Alps


Alps
   Although modern Austria has a varied climate and a wide range of vegetation, its mountains have shaped much of its history. The eastern Alps, their foothills, and the Carpathian foothills, near Austria’s border with Slovakia, account for almost 75 percent of the territory of the modern Federal Republic. The Grossglockner, rising 3,740 meters (12,270 feet), is the highest peak and lies between the East Tyrol and Carinthia.
   Geologically a very young chain, the Austrian Alps are limestone, granite, and sandstone formations, depending on the region where they arose. Some of their most distinctive features appeared during the Ice Ages; the numerous glaciers, which still cut through their surfaces, are a product of these periods.
   Negotiating the Alps on a north–south axis has challenged humankind from prehistoric times. The Romans broke through the Brenner passage during the emperorship of Septimus Severus around the beginning of the third century. A way over the Semmering from Lower Austria to Styria was found during the Middle Ages, and the passage from Leoben to Hieflau in Styria appears to have been traversed very early. The tunneling of the chain for rail and automotive traffic took place in the 19th and 20th centuries.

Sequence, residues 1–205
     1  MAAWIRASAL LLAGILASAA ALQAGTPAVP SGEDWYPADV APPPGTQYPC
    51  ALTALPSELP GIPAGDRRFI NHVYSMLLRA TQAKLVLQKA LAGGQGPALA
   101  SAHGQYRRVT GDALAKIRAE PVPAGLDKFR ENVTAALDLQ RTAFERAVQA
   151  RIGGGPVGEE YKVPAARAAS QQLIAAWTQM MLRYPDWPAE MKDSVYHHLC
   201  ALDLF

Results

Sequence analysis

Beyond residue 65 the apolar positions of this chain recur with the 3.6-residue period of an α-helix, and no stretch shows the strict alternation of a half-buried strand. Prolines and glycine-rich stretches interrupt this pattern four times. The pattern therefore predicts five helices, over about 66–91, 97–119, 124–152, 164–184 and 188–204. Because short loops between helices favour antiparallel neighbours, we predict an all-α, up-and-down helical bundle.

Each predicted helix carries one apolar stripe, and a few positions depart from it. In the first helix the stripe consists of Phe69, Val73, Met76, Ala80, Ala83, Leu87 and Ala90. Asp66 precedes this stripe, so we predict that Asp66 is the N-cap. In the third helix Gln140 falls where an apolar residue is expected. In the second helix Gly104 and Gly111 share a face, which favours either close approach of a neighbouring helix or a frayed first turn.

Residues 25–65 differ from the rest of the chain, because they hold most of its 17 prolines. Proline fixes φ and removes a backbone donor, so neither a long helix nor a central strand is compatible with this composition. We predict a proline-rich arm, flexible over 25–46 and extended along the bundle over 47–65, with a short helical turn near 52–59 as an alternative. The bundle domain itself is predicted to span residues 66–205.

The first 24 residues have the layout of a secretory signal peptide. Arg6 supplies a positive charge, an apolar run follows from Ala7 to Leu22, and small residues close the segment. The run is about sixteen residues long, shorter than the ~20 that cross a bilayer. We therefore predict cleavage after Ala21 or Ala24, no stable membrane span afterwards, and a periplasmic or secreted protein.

From an economic perspective, the Alps have both helped and hindered Austrian development. They have left the country with relatively little arable land—only about 20 percent of its surface. In earlier times, famine was a common occurrence in the mountainous parts of the country. Some regions of the Alps, however, have been the source of rich mineral deposits, particularly silver. These were concentrated in the Tyrol around Schwaz and Hall, though they had substantially run out by the 17th century. Today the greatest value of the Alps, aside from tourism and recreation, is their role in the generation of hydroelectric energy both for export and domestic consumption.

Historical dictionary of Austria. . 2014.

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